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Q: Are detox diets healthy?

It’s tempting to try something like a detox diet or juice cleanse when you want to lose weight or improve your health. These plans sound like a quick fix and make impressive claims about their health benefits, such as promising to flush toxins out of your body or rapidly shed pounds. But the truth is there is little evidence that these diets are beneficial, and in some cases they may actually cause more harm than good.

For one thing, your body already has organs and systems that are constantly working to remove toxins and flush them away. So you don’t need a special juice or tea to do this for you.

For another, many of these cleanse diets are based on severely restricting calories and nutrients. Over time, this can slow your metabolism, ultimately making it harder to lose weight or keep it off. For some people, it can also trigger disordered eating habits. And because detox diets tend to be short and intense, any weight you lose by fasting or restricted eating will usually just come right back.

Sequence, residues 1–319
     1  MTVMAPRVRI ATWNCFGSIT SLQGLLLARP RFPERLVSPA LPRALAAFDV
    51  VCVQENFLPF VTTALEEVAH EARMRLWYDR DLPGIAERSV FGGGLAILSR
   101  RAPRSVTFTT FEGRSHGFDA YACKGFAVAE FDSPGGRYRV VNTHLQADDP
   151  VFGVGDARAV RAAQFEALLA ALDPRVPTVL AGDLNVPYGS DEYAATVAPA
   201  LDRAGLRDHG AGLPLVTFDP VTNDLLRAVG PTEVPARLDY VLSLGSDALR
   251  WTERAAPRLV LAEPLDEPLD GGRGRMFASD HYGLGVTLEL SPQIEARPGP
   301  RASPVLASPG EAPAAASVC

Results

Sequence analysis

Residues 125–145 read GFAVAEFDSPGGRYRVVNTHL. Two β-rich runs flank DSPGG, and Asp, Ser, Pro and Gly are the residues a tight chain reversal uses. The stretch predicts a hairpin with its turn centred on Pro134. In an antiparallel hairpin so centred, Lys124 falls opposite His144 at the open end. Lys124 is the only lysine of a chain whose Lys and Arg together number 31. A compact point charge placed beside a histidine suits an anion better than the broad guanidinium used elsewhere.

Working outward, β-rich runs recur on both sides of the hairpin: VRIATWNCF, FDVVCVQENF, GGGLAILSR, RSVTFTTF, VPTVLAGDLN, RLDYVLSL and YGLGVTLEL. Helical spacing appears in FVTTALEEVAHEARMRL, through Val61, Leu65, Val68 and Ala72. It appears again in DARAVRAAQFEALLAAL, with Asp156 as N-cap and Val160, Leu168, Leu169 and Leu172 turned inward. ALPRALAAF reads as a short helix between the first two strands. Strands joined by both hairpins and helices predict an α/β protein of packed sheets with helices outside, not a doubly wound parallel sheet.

Some detox diets involve taking special herbs or supplements that are untested or may be harmful. These can include “colon cleansing” stimulants that can make colon issues worse, so be especially wary of diets that ask you to buy special products as part of the cleanse.

If you want to jump start your health with a special diet or wellness challenge for a few days or weeks, try something healthier. You could take a break from refined sugar or processed foods, try a plant-based diet, or give up alcohol for a month.

Long-term, making smaller but sustainable positive changes to your diet and lifestyle will do more to help you manage your weight and get healthy. It will also improve your heart health and reduce your risk for heart disease, diabetes, heart attack, and stroke.

Maui Memorial has been recognized for excellence in heart and stroke care from the American Heart Association. Learn more about our services at